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Finding a Literary Agent

Finding a literary agent is rarely easy. Publishing agents are selective. They accept only a few clients a year, and only those they believe they can successfully market. It's important to approach them with the same professionalism you would approach a prospective employer. Your writing and your demeanor must give an agent confidence.

You will have the least amount of trouble finding a literary agent when you have something to offer—you have just won a prize or have been offered a book deal, so enter contests regularly.

I'm not certain my literary agent would have returned my call if I had not just been shortlisted for a major prize when I contacted her. However, I lucked out, and finding a literary agent was not difficult for me. I had already done my research, and I approached the agent I believed to be the best and most powerful in the country. She asked to see my manuscript and subsequently offered to represent me.

When you already have an offer on the table, an agent will be much more likely to see you as an opportunity in the making. You're also more likely to be of interest if you have published a significant number of short stories or have published a successful book with a small press.

Follow These Steps

  1. Most importantly, be certain your manuscript is ready for publication—seek a professional opinion on this!

  2. Be sure your synopsis is strong—again, seek professional help

  3. Do your research:
    • Ask every author you meet which agent he or she feels is best and why
    • Research these agents on the Internet and in publishing magazines to see which names come up most often, what they've sold recently, and what others say about them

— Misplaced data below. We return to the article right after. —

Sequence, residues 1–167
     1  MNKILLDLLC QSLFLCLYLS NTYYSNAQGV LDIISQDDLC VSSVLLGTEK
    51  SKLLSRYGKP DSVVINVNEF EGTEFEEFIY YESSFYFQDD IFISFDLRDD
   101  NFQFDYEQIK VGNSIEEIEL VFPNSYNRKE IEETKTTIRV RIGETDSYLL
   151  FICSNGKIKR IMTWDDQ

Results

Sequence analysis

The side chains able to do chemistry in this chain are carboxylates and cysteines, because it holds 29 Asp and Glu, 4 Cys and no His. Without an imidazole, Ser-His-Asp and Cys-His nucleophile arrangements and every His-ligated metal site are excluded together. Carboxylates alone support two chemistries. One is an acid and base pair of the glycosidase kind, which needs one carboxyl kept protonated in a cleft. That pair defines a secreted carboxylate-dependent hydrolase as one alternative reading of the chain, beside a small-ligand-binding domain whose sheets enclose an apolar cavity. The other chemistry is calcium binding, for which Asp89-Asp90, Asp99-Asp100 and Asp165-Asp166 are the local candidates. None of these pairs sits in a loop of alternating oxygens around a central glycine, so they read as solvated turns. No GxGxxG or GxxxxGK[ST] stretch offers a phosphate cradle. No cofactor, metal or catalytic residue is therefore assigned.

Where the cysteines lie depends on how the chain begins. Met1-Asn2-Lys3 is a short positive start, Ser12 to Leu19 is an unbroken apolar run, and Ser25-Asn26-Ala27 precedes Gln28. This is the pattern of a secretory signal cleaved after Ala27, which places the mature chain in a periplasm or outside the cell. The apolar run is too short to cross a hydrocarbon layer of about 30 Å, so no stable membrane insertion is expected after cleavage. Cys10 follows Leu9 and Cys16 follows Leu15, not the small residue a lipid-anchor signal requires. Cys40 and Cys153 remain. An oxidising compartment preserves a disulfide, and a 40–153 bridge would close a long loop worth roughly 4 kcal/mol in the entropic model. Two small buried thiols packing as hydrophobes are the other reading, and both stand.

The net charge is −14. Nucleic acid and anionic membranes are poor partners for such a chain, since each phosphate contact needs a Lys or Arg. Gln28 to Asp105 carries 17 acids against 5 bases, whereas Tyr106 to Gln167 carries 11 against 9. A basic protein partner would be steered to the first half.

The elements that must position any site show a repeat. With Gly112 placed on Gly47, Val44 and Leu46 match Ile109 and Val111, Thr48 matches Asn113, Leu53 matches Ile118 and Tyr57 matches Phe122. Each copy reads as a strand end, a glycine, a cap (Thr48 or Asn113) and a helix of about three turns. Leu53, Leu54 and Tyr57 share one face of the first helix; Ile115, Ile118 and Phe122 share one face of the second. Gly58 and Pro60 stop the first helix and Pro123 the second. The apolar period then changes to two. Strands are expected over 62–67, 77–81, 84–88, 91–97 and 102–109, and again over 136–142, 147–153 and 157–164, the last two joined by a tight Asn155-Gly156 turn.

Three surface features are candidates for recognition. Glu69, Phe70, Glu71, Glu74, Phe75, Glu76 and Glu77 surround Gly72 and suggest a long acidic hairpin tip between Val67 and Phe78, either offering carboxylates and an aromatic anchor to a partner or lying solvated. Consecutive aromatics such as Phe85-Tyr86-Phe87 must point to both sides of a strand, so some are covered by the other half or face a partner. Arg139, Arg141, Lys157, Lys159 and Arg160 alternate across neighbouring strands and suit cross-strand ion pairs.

• Make a shortlist of "top" agents
    • View their web sites to see who they publish and if they are accepting new clients
    • Be sure they publish authors in your genre
    • Read their submission requirements
  4. Attend writing conferences where agents on your shortlist will be present

  5. Talk to the agents and listen to what they tell you

  6. Ask for permission to send your manuscript to each one after you have implemented their advice

  7. When your ms. is ready, follow the agency's submission guidelines exactly

  8. Wait until you hear from the agent—if you hear nothing for thirty days, call the office assistant and ask about your ms.

  9. If the agent tells you that he or she cannot represent you, do NOT call or email to ask why—you will be remembered as someone to avoid

  10. If you receive numerous rejections, reconsider the quality of your manuscript and seek help from a different professional or writing conference

Canadian Publishing Agents Fiction and Nonfiction

  1. Anne McDermid and Associates Ltd.*

  2. Arnold Gosewich, Consultant and Literary Agent

  3. Bella Pomer Agency Inc.

  4. Beverly Slopen Literary Agency

  5. The Bukowski Agency *

  6. Carolyn Swayze Literary Agency Ltd.

  7. The Cooke Agency *

  8. Helen Heller Agency Inc.

  9. Rick Broadhead and Associates Literary and Media Agents

  10. The Rights Factory

  11. Robert Lecker Agency

  12. Seventh Avenue Literary Agency

  13. The Transatlantic Literary Agency

  14. Westwood Creative Artists *

* Recommended for writers of literary fiction.

Agents Without a Web Site

  • Inga Hessel Literary Agency (613) 241-1769

Other articles about agents:

When you may NOT need a book publishing agent

Why publishing agents are necessary

Literary Agents: When You May Not Need a Book Publishing Agent, Part I

Literary Agents: Meet Book Publishing Agents at Conferences, Part II

And one more helpful video link

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